Why is lethal injection controversial?

Picture Editor - Sukey Richardson

By Marco Cretella

Sub-edited by Charis Hill and Lee Wyton

In June of this year, the US Supreme Court ruled that the controlled substance Midazolam could be used in lethal injection executions and that it did not break the Eighth Amendment of the Constitution which cites that ‘executions could not include cruel and unusual punishment’.
During the hearing, the Court heard testimony from Dr David Lubarsky, who stated that ‘Midazolam would not keep a person unconscious when that person had been given other drugs that caused extreme pain.’

Since June, a number of lethal injection executions using Midazolam have gone wrong, including that of Clayton Lockett. Lockett was said to have been conscious but convulsing and shaking, for 45 minutes before the drug wore off. He then died of a heart attack. Similarly, an Ohio inmate appeared unconscious after being given Midazolam but later began howling and grunting when further drugs were administered.

In August four Tennessee Death Row inmates filed a Federal Lawsuit asking for the right to choose to die by firing squad, a method of capital punishment, particularly common in the military and in times of war, rather than face execution by lethal injection. The inmates cited the tragic case of fellow Riverbend Maximum Security Institute prisoner Billy Ray Irick. Irick was recently executed by lethal injection using a combination of drugs including Midazolam, which went wrong as Irick was said to have remained ‘alert and sensate’ during his execution.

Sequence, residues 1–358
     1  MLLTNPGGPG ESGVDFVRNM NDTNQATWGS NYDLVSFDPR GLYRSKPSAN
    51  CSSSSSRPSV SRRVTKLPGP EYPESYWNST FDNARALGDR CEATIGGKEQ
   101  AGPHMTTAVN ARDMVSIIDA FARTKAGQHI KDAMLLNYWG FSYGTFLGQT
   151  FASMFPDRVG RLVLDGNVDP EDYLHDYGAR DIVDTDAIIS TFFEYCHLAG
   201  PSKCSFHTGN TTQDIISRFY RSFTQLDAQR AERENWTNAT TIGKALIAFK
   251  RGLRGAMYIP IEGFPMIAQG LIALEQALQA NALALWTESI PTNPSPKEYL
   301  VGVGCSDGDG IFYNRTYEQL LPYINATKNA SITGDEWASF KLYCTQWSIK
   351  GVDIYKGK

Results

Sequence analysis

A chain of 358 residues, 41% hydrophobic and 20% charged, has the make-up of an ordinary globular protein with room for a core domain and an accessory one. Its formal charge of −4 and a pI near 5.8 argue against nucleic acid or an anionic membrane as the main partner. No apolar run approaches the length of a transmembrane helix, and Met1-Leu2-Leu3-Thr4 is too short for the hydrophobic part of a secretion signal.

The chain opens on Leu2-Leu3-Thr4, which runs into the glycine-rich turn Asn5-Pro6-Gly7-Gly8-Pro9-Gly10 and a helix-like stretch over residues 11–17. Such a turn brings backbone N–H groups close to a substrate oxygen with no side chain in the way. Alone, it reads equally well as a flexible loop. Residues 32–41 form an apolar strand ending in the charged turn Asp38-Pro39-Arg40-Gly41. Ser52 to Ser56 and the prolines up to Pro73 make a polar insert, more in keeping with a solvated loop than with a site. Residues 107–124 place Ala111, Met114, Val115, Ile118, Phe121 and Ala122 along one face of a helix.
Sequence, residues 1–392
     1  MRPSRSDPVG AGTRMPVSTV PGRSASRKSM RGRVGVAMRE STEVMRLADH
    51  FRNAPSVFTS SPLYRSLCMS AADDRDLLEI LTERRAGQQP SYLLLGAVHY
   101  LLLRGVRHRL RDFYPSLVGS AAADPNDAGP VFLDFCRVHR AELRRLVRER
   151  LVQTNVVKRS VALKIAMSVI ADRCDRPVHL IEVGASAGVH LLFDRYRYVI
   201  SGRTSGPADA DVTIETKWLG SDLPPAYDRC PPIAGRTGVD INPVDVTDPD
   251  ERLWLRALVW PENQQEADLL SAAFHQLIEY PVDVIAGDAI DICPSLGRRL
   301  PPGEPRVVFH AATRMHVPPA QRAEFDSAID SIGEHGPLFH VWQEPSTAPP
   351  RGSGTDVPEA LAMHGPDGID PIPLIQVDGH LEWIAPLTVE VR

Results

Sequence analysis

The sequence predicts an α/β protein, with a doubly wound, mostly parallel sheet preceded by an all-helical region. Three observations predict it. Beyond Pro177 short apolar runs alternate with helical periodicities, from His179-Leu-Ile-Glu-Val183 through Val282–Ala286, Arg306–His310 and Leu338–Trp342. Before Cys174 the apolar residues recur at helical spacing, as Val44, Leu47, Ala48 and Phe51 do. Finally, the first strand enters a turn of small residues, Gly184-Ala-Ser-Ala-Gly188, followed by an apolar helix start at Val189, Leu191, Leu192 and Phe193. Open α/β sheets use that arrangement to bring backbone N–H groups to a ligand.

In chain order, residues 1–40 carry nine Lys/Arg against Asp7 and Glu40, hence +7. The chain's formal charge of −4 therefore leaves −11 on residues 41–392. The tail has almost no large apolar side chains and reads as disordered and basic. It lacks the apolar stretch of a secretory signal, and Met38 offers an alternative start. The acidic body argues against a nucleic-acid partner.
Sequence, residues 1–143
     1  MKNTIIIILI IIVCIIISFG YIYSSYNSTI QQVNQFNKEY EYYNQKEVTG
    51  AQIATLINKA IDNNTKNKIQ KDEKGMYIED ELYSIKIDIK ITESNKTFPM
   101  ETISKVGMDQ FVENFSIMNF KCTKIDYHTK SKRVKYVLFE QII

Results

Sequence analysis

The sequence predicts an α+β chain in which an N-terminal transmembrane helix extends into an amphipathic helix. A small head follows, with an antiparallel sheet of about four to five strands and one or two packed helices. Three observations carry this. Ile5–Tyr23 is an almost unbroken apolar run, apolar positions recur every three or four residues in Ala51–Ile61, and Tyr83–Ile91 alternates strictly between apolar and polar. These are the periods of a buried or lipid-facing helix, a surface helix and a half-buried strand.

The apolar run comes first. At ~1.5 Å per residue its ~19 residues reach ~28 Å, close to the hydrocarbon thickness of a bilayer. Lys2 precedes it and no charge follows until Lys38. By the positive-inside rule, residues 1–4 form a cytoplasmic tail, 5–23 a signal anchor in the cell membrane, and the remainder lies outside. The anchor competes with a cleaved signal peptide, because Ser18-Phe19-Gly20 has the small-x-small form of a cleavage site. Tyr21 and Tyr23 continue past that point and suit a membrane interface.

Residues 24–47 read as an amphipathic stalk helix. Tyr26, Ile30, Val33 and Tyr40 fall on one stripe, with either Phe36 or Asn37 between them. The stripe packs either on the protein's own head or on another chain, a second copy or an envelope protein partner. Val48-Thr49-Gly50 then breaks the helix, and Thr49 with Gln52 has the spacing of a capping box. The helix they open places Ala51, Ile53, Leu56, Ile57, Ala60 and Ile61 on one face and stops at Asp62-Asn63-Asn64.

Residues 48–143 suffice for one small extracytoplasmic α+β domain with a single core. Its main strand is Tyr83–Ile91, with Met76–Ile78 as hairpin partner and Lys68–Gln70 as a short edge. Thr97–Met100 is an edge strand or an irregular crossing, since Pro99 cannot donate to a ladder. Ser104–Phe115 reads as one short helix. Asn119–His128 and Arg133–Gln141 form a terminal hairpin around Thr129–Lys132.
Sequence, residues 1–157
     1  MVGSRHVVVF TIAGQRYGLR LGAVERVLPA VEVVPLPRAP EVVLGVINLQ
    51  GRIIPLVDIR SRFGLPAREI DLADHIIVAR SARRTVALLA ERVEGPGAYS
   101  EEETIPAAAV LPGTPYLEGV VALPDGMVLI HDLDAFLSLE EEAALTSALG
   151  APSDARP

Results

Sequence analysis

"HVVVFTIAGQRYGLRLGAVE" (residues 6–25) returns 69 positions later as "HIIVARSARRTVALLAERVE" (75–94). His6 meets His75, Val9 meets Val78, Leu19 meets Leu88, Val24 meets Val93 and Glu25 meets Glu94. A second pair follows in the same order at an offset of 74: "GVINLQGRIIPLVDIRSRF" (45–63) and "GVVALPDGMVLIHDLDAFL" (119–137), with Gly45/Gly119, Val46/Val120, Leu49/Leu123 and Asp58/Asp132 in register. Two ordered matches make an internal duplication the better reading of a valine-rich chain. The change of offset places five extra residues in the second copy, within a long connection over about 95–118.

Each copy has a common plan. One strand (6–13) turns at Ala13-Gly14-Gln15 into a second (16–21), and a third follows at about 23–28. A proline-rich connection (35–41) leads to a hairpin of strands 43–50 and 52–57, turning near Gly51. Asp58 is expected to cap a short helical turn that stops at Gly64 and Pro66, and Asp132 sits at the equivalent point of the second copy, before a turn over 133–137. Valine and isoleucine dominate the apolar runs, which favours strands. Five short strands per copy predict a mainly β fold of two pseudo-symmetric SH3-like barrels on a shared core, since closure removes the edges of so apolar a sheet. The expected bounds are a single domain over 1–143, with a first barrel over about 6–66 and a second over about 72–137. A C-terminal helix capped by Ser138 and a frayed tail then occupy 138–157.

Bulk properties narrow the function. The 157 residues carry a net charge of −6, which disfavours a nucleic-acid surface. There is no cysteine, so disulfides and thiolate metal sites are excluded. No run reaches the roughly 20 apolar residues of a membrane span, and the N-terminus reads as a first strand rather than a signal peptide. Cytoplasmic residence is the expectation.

Irick was the first prisoner executed in Tennessee for 10 years, and the first Death Row inmate of that State to be killed by lethal injection using Midazolam in combination. At a post-execution challenge by lawyers concerning Tennessee’s lethal injection protocol, Dr David Lubarsky was again called to give evidence, and he stated that Irick “was aware and sensate during his execution, and would have experienced the feeling of choking, drowning in his own fluids, suffocating, being buried alive and the burning sensation caused by the injection of potassium cyanide.”

Midazolam first entered the public consciousness when it was named alongside another anti-anxiety medicine, Lorazepam, as the two drugs which caused Michael Jackson’s fatal overdose in 2009. Midazolam reduces anxiety by slowing down brain activity and can be used alongside other drugs, such as an anaesthetic before a patient has an operation, to reduce consciousness

Midazolam produces these sedative effects by binding a natural brain sedative called GABA, to brain receptors to stop the reception of electrical impulses, which tell the brain, how much pain the body is in. During lethal injection executions, high doses of the drug are used to induce unconsciousness, before other compounds are used to cause paralysis and stop the heart beating.

It would appear in some lethal injection executions, unconsciousness is not maintained nearly long enough, and, whilst the crimes of some of those facing the death penalty are horrific, it seems that in these instances this method of execution does indeed constitute, ‘cruel and unusual punishment’ and thereby breaks the Eighth Amendment.

What do you think? Drop a comment below to let us know your thoughts on the topic!

About Charis Hill 5 Articles
Charis graduated university with a degree in Law in 2015, and has very recently completed her Masters in Law. Charis is interested in law, politics and business. When Charis is not working you can find her taking fitness classes, relaxing with a good book or watching sport.

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